Electromyography is a technique for evaluating and recording the electrical activity produced by skeletal muscles. EMG is performed using an instrument called an electromyograph to produce a record called an electromyogram.
Electromyography (EMG) is a diagnostic procedure to assess the health of muscles and the nerve cells that control them (motor neurons). EMG outcomes can expose nerve dysfunction, muscle dysfunction or issues with nerve-to-muscle signal transmission.
Motor nerve cells transfer electrical signals that cause muscles to agreement. An EMG uses tiny gadgets called electrodes to equate these signals into charts, sounds or mathematical worths that are then interpreted by a specialist.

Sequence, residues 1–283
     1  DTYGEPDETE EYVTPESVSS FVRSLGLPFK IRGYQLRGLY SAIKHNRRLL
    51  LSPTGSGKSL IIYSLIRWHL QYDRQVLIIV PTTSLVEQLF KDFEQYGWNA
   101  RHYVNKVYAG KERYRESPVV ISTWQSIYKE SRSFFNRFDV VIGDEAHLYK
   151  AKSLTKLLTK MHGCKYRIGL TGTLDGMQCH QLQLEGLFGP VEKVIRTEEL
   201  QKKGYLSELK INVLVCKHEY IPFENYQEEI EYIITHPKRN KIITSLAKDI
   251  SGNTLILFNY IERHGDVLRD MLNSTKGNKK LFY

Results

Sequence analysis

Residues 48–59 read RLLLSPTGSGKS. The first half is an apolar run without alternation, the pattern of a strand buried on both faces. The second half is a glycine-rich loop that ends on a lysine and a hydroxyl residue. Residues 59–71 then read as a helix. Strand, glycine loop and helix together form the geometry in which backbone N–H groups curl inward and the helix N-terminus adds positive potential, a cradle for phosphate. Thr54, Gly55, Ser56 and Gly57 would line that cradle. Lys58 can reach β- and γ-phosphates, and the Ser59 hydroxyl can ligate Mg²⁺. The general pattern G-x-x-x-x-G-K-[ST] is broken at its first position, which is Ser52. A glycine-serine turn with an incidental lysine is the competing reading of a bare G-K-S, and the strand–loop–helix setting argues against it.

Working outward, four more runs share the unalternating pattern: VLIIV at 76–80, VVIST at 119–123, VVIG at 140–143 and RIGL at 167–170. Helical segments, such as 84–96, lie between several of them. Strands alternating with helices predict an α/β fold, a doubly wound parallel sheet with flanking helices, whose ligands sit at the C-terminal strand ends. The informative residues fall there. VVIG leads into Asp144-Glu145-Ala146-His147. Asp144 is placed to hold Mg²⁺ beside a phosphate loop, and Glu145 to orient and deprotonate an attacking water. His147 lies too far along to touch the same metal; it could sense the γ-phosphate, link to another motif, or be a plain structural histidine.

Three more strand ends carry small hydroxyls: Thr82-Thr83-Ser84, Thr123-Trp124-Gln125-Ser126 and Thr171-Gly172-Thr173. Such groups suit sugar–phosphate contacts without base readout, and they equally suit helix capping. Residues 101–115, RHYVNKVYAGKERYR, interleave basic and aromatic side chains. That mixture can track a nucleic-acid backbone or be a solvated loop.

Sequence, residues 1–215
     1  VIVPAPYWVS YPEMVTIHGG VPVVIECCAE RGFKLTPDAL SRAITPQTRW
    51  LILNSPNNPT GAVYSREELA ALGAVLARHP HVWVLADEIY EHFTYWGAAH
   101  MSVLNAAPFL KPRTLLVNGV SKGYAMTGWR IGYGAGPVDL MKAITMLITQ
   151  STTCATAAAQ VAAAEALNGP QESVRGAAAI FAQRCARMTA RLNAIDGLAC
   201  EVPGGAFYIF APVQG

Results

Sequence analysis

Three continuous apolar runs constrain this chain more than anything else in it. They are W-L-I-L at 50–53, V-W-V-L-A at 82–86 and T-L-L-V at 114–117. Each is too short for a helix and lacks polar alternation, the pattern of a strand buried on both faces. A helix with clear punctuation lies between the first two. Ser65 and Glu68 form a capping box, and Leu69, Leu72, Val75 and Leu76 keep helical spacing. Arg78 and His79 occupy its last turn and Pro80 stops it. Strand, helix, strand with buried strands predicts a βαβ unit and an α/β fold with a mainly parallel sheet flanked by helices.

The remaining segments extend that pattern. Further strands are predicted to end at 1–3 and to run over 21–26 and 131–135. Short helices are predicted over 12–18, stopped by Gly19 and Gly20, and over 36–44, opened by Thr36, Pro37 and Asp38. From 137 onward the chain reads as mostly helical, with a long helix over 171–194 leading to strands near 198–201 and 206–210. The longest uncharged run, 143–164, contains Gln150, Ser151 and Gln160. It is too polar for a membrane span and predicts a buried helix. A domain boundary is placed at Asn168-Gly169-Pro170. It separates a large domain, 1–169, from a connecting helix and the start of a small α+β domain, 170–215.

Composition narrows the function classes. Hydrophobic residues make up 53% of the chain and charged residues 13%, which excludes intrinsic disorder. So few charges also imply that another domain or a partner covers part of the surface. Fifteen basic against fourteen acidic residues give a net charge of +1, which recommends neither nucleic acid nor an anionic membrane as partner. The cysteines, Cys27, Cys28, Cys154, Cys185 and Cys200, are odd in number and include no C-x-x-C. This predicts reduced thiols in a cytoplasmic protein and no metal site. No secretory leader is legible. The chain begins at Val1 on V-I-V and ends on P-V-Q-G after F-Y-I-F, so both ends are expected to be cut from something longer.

During a needle EMG, a needle electrode placed directly into a muscle records the electrical activity in that muscle.
A nerve conduction study, another part of an EMG, uses electrode sticker labels applied to the skin (surface electrodes) to measure the speed and strength of signals traveling between two or more points.
Your doctor may order an EMG if you have signs or symptoms that may indicate a nerve or muscle disorder. Such symptoms may include:
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• Muscle disorders, such as muscular dystrophy or polymyositis
• Diseases affecting the connection between the nerve and the muscle, such as myasthenia gravis
• Disorders of nerves outside the spinal cord (peripheral nerves), such as carpal tunnel syndrome or peripheral neuropathies
• Disorders that affect the motor neurons in the brain or spinal cord, such as amyotrophic lateral sclerosis or polio
• Disorders that affect the nerve root, such as a herniated disk in the spine